Many people, especially men, want to focus on their biceps when they start working out because they are highly noticed. Developing the arms is not that different than toning other muscles in the body.
Building more size a combination of several factors. They include progressive overload to stimulate growth, working to the point of failure on your last one or two repetitions, working on the eccentric lengthening of the muscle, and periodically changing the movements to challenge you and provide variety, according to Deb Preachuk, Foundation Training Certified Instructor and Corrective Exercise & Posture Alignment Specialist.
“Nutrition is key,” she adds. You have to increase protein and quality macronutrients and decrease processed foods and sugar. “You can’t out-train your diet” is true when it comes to building biceps as well. You also need adequate rest and recovery primarily through sleep.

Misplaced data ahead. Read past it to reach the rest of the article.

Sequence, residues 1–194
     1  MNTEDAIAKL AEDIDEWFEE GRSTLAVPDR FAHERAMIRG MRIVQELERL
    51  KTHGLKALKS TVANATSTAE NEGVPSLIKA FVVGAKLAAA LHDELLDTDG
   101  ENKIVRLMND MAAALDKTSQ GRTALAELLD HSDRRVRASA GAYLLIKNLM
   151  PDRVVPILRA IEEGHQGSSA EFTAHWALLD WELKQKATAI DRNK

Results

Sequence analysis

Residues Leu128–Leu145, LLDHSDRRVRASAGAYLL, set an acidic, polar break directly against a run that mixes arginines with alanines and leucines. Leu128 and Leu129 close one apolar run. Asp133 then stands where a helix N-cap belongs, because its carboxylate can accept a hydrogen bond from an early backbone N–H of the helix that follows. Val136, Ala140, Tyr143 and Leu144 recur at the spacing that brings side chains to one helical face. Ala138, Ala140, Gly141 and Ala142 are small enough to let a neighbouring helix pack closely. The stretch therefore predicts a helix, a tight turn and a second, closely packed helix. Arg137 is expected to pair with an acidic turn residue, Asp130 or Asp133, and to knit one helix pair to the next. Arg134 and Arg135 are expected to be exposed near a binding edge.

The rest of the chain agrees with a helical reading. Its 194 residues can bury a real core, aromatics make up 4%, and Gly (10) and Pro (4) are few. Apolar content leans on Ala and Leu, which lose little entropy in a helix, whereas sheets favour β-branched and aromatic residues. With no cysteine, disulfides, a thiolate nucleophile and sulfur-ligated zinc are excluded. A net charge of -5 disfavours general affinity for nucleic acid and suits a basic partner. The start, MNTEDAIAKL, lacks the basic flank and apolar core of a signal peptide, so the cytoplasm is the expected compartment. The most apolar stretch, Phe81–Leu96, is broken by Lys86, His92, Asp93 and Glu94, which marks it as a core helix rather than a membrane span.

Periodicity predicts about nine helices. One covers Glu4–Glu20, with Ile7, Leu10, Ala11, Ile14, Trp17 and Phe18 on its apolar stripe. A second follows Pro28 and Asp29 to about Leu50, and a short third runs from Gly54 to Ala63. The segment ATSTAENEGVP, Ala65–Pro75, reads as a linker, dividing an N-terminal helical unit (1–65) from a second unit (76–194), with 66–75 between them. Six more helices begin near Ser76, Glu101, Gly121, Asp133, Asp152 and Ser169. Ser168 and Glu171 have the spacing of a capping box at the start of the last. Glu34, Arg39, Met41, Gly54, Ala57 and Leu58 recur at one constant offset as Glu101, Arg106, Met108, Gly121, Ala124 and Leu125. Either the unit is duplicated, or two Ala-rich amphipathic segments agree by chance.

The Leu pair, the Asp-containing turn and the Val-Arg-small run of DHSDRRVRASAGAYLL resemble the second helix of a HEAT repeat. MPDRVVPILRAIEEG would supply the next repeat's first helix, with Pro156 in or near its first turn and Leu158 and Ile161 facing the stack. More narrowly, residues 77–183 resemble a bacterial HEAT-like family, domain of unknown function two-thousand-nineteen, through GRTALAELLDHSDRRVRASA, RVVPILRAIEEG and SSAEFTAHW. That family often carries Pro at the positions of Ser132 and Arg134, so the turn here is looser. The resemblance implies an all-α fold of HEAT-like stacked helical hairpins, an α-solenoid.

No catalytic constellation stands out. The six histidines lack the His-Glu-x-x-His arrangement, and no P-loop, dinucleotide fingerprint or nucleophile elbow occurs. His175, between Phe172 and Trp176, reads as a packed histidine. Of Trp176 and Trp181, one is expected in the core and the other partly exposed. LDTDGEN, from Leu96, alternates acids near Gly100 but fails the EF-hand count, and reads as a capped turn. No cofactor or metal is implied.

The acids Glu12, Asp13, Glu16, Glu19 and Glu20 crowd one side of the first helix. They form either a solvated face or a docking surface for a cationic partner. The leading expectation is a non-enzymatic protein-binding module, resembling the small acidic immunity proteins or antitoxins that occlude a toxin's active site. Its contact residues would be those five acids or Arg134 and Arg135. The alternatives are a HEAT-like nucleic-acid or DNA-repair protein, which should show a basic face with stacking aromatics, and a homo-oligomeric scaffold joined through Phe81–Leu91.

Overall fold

Preachuk also says that it’s important to be aware of body position, quality of the movement and technique when performing the desired movements. “Proper form and technique, controlled movement without arching the back, or swinging the arms for momentum, hand position and elbow position, can make or break the efficiency of [the exercises],” she adds.
Many exercises involve the biceps, but that doesn’t make them highly effective. Rowing is more of a back muscles focused exercise, but it engages the forearms as well. “I wouldn't select [it] as a primary exercise for building the size of the biceps,” Preachuk says. Focus on moves that require shortening and lengthening the distance of the elbow to the wrist, therefore recruiting the elbow flexors – biceps brachii, brachialis and brachioradialis.